4 Ways “Connection Culture” Improves Risk Management

February 21, 2016
Mike Stallard

In recent years, organizational culture has been cited as a reason for managerial failures at organizations including General MotorsNASANokia, and Volkswagen. Recently, I was asked if Connection Cultures reduce risks faced by organizations. The answer is “yes.” Below are four reasons why.

  1. Connection Reduces Accident Risk

When you think about the five performance advantages* Connection Cultures have, it’s not difficult to see how they would improve an organization’s safety record. After all, people in a Connection Culture have superior cognitive function and are more communicative, collaborative and cooperative and, as a result, are going to be less accident prone. Research supports this view. In 2012, Gallup researched 49,929 business or work units comprised of 1.4 million employees within 192 organizations across 34 nations. Compared to business units with engagement/connection scores in the bottom 25 percent, business units in the top 25 percent had 48 percent fewer safety accidents.

  1. Connection Reduces Liability Risk

The Gallup research cited above also found that compared to business units with engagement/connection scores in the bottom 25 percent, business units in the top 25 percent had 41 percent fewer quality incidents. Quality failures can lead to liability lawsuits and in extreme cases threaten an organization’s survival.

  1. Connection Reduces Reputational Risk

Becky Powell-Schwartz, a crisis communications expert at The Powell Group in Dallas, Texas, has helped me see how Connection Cultures reduce an organization’s reputational risk. This is the case because individuals who feel connected to an organization are more likely to risk speaking up when they observe potential threats to their organization’s reputation. The sooner leaders become aware of an emerging threat, the more time they have to take actions to avoid it or to mitigate damage. A case in point is the recent discovery of Volkswagen intentionally programming diesel cars sold in the U.S. to under-report pollution. Volkswagen’s senior management has said they were unaware of the misconduct. If true, a Connection Culture would have made it more likely that an employee would have brought the misconduct to senior management’s attention when there may have been sufficient time to correct the improper behavior.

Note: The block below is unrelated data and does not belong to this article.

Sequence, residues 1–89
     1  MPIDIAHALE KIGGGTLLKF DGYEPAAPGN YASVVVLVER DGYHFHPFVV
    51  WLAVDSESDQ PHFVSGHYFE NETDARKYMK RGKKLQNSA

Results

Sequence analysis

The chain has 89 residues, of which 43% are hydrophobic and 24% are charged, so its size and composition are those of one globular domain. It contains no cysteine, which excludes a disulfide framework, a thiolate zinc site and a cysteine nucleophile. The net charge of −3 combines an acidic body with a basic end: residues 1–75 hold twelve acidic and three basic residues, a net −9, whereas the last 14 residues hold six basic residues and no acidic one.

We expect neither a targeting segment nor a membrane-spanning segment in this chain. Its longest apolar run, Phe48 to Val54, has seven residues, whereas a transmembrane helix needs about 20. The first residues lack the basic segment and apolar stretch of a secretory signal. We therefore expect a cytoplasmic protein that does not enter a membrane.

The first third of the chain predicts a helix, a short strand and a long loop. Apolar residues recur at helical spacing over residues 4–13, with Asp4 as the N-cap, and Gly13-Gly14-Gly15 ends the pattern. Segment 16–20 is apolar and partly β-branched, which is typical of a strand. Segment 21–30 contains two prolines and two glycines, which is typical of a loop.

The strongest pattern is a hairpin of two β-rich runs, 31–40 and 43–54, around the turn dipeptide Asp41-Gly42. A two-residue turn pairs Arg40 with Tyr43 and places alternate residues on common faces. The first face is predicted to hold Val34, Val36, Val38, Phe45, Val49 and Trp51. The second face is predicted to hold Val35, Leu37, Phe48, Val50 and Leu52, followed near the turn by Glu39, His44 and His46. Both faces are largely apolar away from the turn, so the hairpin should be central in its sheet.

1. Connection Reduces Competitive Risk

In Only the Paranoid Survive, former Intel CEO Andrew Grove describes how several people at Intel fed him information that helped him see that Intel’s Japanese competitors had far superior quality in semiconductor memory devices.  Armed with this knowledge, Grove made the decision to exit the memory business and focus instead on microprocessors. As a result of the decision, Intel’s revenue eventually surpassed the revenues of its next three competitors combined. Employees in organizations where they feel connected are more likely to speak up and become what Andrew Grove described as “helpful Cassandras” (Cassandra was the priestess in Greek mythology who foretold the fall of Troy).

In summary, if your organization creates and maintains a Connection Culture, it will reduce risk and see fewer accidents, fewer quality incidents that could result in legal liability, fewer incidents that could result in reputational harm and a lower likelihood of damage from changing competitive conditions.

*The 5 performance advantages of Connection Culture are as follows: 1: Individuals in organizations who feel connected perform at the top of their game; 2: Employees who feel connected give their best efforts; 3. Employees who feel connected align their behavior with organizational goals; 4: Employees who feel connected communicate to help improve the quality of decisions; and 5: Employees who feel connected actively contribute to innovation.

More From Michael Lee Stallard

3 Ways to Reduce the Risk of Managerial Failure

Closing Your Company's Leadership Gap

Q&A with Michael Lee Stallard: What is a Connection Culture?

Michael Lee Stallard, president and cofounder of Connection Culture Group, speaks, teaches and consults on leadership, organizational culture and employee engagement. He is the author of Connection Culture and Fired Up or Burned Out. Follow him on his blogTwitterFacebookGoogle+ or LinkedIn.

Image courtesy of Flickr user Nell Tackaberry under Creative Commons Attribution-NoDerivs 2.0 Generic. Image has been cropped.

You may also like

Join the conversation